What does the growth and maturity actually look like? Below a professional trader of many years describes his journey. It was written and sent to me as a way of talking about his growth as a trader during his work with our Ignite Your Spark Individual Program.
His idea began when listening to me explain how I almost drowned in the big waves of Hawaii due to my ignorance and arrogance of not being able to appreciate the power of the Hawaiian waves compared to the relatively tame waves of my youth on the Atlantic and Gulf Coast of the United States. The parallels of trading and surfing are then transferred to his native Australia.
His commentary, below, is left unchanged and unedited from what he sent me. Understand, this guy was already a professional trader for many years. This is a space where he transforms the trader who trades.
The Novice Ocean Swimmer
You're on vacation and stroll down to the beach. The ocean looks inviting; blue-green glassy waves capped with crisp white peaks. You are a confident swimmer, spending time doing laps at the local pool, during the summer months, but as you wade into the water you lack the ability to discern the conditions; there are forces at work which although unseen by you, would jump out at someone with the right knowledge.
You make your way through the surf to beyond the break and float on your back in the calmer water. Without a reference (the view of the beach) you are not aware that you are drifting sideways, parallel to the coast and into a rip. You suddenly notice a change in the nature of the water and come to with a start; you are a long way from where you expected and drifting out to sea. In a mild panic you start to swim – aiming straight for the beach. Your alarm grows as you realise that you've been swimming hard for a while but made no progress. You curse yourself for being so stupid "I'm always messing up" and redouble your efforts. Time passes and you've still made no progress, you feel your impotence in the face of a force which doesn't know or care about you and your arms, legs and shoulders are tired. Your breathing is heavy and as you gasp for breath you swallow a big slug of salty sea water and gag, cough, splutter. Panic sets in, you think to yourself "I might to drown out here" and your mind goes into a whirl…..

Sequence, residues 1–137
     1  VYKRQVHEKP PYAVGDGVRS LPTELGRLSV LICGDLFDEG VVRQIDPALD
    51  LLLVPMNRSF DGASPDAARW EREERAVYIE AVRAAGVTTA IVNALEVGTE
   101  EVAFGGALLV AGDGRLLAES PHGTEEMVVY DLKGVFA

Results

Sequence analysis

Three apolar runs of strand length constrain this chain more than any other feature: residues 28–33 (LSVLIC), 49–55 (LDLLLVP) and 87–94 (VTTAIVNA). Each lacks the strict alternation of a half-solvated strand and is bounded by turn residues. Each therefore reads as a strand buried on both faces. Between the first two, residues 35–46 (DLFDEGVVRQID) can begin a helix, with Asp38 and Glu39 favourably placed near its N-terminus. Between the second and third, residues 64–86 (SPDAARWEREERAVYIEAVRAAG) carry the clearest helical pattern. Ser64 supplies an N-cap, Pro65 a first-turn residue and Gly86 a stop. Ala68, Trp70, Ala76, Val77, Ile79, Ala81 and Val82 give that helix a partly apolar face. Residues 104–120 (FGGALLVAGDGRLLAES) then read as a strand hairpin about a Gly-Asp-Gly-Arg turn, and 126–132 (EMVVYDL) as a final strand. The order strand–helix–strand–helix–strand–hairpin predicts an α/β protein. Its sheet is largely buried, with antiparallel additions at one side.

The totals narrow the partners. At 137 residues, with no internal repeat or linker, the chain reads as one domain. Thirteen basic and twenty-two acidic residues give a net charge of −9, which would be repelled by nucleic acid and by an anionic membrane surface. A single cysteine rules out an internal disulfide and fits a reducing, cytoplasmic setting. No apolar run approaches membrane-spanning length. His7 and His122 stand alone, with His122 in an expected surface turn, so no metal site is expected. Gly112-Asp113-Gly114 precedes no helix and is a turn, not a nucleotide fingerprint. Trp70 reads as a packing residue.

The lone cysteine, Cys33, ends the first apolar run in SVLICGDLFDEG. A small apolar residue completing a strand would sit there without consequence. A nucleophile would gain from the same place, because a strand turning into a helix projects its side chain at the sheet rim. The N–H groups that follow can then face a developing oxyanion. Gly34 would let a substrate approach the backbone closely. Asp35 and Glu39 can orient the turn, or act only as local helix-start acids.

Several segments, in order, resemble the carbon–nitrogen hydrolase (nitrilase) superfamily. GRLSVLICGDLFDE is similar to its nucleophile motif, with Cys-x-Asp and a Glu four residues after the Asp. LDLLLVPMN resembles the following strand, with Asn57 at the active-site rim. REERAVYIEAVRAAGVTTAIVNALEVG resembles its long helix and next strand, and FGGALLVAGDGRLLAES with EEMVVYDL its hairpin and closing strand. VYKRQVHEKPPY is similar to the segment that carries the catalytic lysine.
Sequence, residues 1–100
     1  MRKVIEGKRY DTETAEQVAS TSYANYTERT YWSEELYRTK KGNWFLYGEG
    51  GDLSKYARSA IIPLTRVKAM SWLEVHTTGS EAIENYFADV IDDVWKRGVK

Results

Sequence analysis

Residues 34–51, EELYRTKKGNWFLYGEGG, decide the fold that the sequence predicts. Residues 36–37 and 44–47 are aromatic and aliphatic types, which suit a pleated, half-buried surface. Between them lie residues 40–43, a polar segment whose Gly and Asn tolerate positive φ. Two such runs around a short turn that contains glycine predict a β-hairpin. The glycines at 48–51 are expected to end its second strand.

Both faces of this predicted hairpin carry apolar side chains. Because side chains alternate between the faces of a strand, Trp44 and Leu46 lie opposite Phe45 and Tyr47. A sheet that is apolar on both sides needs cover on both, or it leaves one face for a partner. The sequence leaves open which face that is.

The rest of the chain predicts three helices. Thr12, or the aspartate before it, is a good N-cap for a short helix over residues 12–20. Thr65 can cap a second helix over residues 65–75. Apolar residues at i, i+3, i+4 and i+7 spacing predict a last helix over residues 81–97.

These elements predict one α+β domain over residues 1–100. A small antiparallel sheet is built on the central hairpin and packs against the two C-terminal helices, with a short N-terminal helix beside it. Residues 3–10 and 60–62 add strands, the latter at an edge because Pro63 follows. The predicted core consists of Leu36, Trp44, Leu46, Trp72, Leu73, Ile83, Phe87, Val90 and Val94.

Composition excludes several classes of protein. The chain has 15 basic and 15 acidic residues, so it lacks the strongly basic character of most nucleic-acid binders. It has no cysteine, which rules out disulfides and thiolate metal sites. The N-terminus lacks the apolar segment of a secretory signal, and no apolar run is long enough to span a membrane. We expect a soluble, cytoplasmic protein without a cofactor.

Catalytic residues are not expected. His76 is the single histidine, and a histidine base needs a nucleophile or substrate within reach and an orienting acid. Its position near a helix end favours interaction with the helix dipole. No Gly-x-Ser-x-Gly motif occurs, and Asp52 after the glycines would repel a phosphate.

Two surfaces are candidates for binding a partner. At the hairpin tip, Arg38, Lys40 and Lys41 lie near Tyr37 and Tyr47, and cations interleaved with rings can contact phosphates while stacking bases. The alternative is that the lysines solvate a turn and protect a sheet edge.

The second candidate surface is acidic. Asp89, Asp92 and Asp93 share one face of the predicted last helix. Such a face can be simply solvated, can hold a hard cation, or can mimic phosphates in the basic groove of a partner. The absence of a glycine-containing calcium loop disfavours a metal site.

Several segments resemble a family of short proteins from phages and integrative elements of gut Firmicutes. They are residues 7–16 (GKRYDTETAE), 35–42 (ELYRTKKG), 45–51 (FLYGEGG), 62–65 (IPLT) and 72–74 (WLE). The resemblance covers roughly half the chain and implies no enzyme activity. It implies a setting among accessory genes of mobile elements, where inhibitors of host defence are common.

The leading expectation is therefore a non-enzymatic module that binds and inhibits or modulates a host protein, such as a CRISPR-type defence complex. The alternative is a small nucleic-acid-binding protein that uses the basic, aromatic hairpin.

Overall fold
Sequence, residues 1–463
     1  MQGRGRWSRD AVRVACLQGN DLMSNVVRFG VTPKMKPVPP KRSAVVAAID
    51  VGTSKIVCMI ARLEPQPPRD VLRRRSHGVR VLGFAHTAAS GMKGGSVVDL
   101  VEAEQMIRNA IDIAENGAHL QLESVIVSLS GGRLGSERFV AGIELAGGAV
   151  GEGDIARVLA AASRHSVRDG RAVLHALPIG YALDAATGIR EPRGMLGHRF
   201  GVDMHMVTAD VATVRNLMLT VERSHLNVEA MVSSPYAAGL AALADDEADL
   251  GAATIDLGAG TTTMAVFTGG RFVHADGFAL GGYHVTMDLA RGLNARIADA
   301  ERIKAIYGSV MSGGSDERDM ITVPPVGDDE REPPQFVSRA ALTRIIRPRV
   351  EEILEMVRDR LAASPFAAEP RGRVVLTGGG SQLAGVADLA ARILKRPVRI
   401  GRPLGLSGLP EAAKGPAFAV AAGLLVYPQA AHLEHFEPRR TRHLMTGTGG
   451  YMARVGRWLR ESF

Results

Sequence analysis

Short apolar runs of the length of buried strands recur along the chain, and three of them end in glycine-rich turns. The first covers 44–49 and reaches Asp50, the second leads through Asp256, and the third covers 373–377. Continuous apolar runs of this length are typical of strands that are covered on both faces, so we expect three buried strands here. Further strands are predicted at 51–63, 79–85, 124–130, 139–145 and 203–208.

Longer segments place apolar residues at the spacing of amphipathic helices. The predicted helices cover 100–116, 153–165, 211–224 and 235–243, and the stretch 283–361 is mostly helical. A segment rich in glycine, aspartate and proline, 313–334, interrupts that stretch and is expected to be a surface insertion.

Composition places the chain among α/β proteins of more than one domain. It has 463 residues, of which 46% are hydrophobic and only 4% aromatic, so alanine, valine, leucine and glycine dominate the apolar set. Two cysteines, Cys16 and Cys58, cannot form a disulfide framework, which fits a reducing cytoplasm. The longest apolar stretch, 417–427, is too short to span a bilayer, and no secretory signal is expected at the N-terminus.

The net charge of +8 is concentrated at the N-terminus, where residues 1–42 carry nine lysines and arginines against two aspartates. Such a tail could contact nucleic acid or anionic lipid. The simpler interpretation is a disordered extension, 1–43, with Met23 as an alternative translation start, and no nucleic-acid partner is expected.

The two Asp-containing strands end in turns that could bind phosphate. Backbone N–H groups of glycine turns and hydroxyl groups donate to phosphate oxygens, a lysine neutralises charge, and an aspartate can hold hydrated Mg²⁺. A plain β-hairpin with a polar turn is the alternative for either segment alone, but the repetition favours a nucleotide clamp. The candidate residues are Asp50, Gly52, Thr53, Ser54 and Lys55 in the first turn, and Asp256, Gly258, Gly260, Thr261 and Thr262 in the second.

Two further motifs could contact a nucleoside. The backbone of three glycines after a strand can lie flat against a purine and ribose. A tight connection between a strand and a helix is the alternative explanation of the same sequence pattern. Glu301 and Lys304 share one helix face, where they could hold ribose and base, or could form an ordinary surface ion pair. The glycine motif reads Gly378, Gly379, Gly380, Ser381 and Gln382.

Fortune favours you – a lone surfer, noting your distress, paddles over to help. You grab hold of his board and as you spend a few minutes resting he explains " the trouble is you're caught in a rip current, all that water rushing into this fairly narrow bay has to escape somewhere. It finds the path of least resistance and flows back out through it. That's where you are now and you are fighting it. The rip is actually quite narrow and short & you have two options. You can simply float and the current will take you out for a bit, not far, until it loses its strength, then you can swim parallel to the beach and head back, or if you're feeling strong enough, swim parallel from here until you get out of the rip and then head back to the beach."
Since you're a strong swimmer (in a pool) you chose option two, make it back to the beach and vow to learn about surf lifesaving.
The Novice Trader
You've heard about the fabulous money people make out of trading the financial markets; it seems like they make money without having to do any real work and the books and magazines you've read confirm this. You simply have to find a "system" and you've got it minted. Adverts in glossy mags show traders lounging around with their laptops working from exotic locations. "I'll have a bit of this" you think to yourself, I got my MBA last year, how hard can it be? Most of the magazines you've read suggest that futures are where the action is (saves you from having to read up on companies, leverage) and the CME has these eMini contracts which seem ideal for the retail trader – they are liquid with a small contract size. All you need do is open an online account and off you go…
The months pass but rather than the riches you expected, you have burned through half of the capital you deposited in your account. In fact, you hardly even look at your account statements any more. At first you checked daily, but now its too painful, so you justify your losses as a "tuition fee" – you'll make up for it all with the future profits you'll make, after you've tweaked your indicators to fit the the market. Still you feel cross with yourself and redouble your efforts, buying and reading a collection of books on short-term futures trading strategies and taking courses on technical analysis. You've never worked and studied so hard (the MBA was child's play & at least there were definitive answers to the questions). Worse of all is that your self esteem has taken a battering – you take pride in your can-do wherewithal, your sheer competency which has enabled you to brush aside previous challenges. Self-doubt is your shadow, yet worse of all is the fear – fear that manifests as a racing heart and perspiring body as you get engaged in trading. Yet still you persist – persist as if you were compelled like an addict – you keep on losing, making the same mistakes and feel your impotence in the face of forces which neither know or care about you…….